Around the same time, the Centre for Adolescent Health in Melbourne began providing peer support programs for young people between the ages 13 and 18, known as the Paying Attention to Self program. These groups have contributed to reducing feelings of isolation for these young people, reassuring them that others have similar family situations and also feel angry, alone and confused. The programs have also helped participants to find the confidence to become peer leaders who are responsible for helping run the groups. As one participant said: “Peer support means being there when things are good or bad, talking with other people your own age about the problems that happen at home. Learning from others and telling the truth when it is so easy to cover up what really is going on, by saying, ‘It’s OK.’”

In 2002, the Victorian government, Victorian Health Promotion Foundation and beyondblue, the National Depression Initiative, funded the development of more peer support groups for this age group in five different parts of the state. (See www.rch.org.au/ community).

In 2003, the same funding partners once again provided funds, this time to develop a model of best practice to promote the mental health and well-being of children aged 5 to 12 years who have a parent with a mental illness. Known as VicChamps, this project is a partnership between the Eastern Health Mental Health Program in outer eastern Melbourne, and Upper Murray Family Care in northeast Victoria.

The project has threeyears of funding to develop a best practices model suitable for both rural and metropolitan areas. Overall, the three aims of the VicChamps project are to increase the resilience and social connection of children who have a parent with mental illness; reduce stigma associated with mental illness; and enhance community capacity to assist these families through partnerships between sectors and services, peer support programs, workforce development services, and through educating the community as a whole. (For more information on VicChamps, and for general information on the topic of children of parents with mental illness, see champsworldwide.com).

National Initatives

Educational Resources

The development of resources such as books and videos has also been a valuable part of the work taking place across all of Australia. Some examples are Jakes Dinosaurs and Robbie Rose and Monkey, developed in South Australia and written for younger children. The Association of Relatives and Friends of the Mentally Ill (ARAFMI) in Western Australia developed two books for children and young people: Handle with Care is for the younger age group, and A Book for Young People about Mental Illness is for youth aged 13 to 16 years old. SANE Australia has published Joe’s Diary for 10 to 14-year-olds, and You’re Not Alone, a cartoon-style book designed to build understanding about parental mental illness in young people aged 6–12 years. This book was initiated by Dan Halloran and his family, who were featured on the ABC TV program Australian Story in May 2003.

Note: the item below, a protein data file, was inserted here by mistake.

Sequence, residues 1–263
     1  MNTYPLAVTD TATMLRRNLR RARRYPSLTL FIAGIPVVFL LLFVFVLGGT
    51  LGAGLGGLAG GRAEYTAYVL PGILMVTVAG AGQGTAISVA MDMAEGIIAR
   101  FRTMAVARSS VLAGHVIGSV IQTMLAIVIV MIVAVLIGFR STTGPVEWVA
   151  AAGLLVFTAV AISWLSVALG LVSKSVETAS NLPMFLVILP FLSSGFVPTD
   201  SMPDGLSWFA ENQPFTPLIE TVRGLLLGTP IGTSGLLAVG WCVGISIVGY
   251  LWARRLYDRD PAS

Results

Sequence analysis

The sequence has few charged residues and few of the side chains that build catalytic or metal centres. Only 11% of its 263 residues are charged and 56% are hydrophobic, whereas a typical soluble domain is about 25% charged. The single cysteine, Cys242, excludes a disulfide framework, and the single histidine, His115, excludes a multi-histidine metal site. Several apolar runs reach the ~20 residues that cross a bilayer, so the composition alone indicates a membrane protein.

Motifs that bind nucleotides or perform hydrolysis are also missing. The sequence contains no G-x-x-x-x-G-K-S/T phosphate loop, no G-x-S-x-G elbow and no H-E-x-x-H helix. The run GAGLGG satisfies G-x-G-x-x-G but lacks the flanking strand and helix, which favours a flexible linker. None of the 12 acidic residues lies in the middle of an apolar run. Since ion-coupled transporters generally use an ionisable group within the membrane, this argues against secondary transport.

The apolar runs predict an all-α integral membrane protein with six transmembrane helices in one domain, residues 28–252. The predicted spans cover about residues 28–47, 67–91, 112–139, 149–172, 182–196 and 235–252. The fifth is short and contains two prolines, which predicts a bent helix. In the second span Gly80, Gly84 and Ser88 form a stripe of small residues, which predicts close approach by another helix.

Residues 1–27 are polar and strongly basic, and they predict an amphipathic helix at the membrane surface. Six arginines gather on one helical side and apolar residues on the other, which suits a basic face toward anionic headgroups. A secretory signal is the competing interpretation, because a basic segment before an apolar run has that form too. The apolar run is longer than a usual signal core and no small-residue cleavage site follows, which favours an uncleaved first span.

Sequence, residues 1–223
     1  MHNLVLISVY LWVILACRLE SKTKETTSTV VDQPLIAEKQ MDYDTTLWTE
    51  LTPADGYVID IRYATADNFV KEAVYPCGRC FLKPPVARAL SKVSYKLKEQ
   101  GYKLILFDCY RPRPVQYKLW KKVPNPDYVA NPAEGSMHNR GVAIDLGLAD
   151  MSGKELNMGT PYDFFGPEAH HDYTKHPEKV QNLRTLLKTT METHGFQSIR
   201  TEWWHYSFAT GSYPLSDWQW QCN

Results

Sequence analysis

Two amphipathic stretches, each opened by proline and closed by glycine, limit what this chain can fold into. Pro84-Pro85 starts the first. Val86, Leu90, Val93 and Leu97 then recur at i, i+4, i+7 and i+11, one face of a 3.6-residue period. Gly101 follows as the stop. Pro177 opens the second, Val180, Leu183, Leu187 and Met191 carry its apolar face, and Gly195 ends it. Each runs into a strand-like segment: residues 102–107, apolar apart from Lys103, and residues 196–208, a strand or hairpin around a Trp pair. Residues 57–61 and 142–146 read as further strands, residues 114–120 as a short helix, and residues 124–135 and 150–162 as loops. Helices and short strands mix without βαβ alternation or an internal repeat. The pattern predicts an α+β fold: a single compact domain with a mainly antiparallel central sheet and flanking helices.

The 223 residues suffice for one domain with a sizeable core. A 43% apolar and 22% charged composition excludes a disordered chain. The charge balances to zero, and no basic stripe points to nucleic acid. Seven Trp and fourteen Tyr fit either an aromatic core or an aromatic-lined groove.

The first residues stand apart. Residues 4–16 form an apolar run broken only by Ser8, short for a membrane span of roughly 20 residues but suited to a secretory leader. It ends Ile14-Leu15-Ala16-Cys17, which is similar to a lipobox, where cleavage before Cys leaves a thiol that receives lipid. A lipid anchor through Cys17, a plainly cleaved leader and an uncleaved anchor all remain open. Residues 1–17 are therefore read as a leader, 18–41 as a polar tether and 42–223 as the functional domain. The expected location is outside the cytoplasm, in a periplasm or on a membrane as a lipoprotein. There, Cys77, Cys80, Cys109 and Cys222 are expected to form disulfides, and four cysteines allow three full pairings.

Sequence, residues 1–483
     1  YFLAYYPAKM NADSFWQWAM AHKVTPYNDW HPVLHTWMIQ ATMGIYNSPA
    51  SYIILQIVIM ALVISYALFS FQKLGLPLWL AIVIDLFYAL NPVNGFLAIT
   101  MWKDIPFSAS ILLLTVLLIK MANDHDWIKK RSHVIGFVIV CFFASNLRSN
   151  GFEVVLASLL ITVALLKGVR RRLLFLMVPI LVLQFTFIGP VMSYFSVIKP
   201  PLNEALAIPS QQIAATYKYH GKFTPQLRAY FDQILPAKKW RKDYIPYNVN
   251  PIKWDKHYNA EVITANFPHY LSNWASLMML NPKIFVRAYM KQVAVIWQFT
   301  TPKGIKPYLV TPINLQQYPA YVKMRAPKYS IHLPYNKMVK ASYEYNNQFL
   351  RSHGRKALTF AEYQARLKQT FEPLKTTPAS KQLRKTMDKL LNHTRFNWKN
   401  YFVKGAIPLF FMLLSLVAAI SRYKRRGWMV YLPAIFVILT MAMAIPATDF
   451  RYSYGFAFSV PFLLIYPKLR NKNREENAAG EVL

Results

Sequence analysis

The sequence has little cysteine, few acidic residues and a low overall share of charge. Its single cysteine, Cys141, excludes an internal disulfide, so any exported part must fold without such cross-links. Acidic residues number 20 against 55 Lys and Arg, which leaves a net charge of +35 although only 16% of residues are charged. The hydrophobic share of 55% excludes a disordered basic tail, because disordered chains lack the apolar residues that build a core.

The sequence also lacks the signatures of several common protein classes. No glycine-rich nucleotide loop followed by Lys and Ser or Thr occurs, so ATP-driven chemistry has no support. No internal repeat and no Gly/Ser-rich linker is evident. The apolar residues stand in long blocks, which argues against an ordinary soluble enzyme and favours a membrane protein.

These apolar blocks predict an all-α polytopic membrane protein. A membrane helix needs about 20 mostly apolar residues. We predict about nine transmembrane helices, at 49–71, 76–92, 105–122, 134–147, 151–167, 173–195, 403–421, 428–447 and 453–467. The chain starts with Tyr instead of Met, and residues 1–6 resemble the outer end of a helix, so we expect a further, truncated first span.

In Queensland, the Koping Video and Booklet were prepared to assist workers talking through issues with young people having a family member with mental illness. Children of Mentally Ill Consumers (COMIC) in South Australia has prepared a Supporting Our Family kit, which helps children and families plan for a parent’s hospitalization and ensure the child’s needs are met (see www.angelfire.com/ home/comic).

The resources described, and many others, are listed on the Children of Parents with Mental Illness (COPMI) website: www.aicafmha.net.au/copmi

The First National Conference

In April 2002, Australia’s first national conference on parental mental illness was held in Melbourne, where many of the initiatives developed over the previous few years were presented. The event was titled, “Holding it All Together: the First National Conference for all Involved in Meeting the Challenges for Children and Families where Parents have Mental Illness.” At this event, consumers, carers and young people were well represented among presenters, and Prof. Joanne Nicholson, University of Massachusetts, and Dr. Adrian Falkov, at the time in the UK, accepted the in vitation to make keynote addresses.

The COPMI Initative

Ten years after the Human Rights Report was published, we now have an Australia-wide project focusing on children of parents with mental illness and their families: the COPMI initiative.

In 1999, the Commonwealth Department of Health and Aging invited the Australian Infant, Child, Adolescent and Family Mental Health Association (AICAFMHA) to conduct a scoping study to gather information on key projects and services for children of parents with a mental illness, analyze and report on the findings of the study, and make recommendations for future action.

This report was presented in 2001 and, in response, funding was announced for a three-year national initiative known as the COPMI (Children and Parents with Mental Illness) project, which began in late 2001. Administered by AICAFMHA, the project aims to achieve better mental health outcomes for children of parents with mental illness. The draft of a key document arising from the project, Principles and Actions for Services and People Working with Children of Parents with Mental Illness, can also be found on the COPMI website (See www.aicafmha.net.au/copmi).

Conclusion

A glance back at the 1993 Human Rights Report recommendations shows that we have come a long way. And many opportunities lie ahead yet – for research and evaluation, the development of clinical services, and the further integration of services – so that the needs of children of parents with mental illness, and those of all family members concerned, may be asserted and met.

 
About the Author

Vicki is a social worker and psychologist who has contributed to research, innovative projects, publications and professional education in Australia and overseas concerning children of parents with mental illness. Her contributions include Children of Parents with Mental Illness (Ed.) (1999), and Children of Parents with Mental Illness 2: Personal and Clinical Perspective (Ed.) (2004), both published by www.acerpress.com.au. Vicki is the Mental Promotion Officer with a child and adolescent mental health service in Melbourne.

Note

This article was adapted from a soon-to-be published piece that was prepared for The Clinician, John Hunter Hospital, Newcastle, New South Wales, Australia. It appears here with thanks to the author and to The Clincian, Adrian Falkow (Ed.). The original article is an edited version of a keynote presentation to a conference organized by the Scandinavian Network for Children of Parents with Mental Illness, "To visualize the invisible children: Preventive work with children of mentally ill parents, "given in Stockholm, 13-14 November, 2003

Footnotes
  1. Human Rights and Equal Opportunity Commission. (1993). Human rights and mental illness. Report of the National Enquiry into the human rights of people with mental illness. Canberra, AGPS.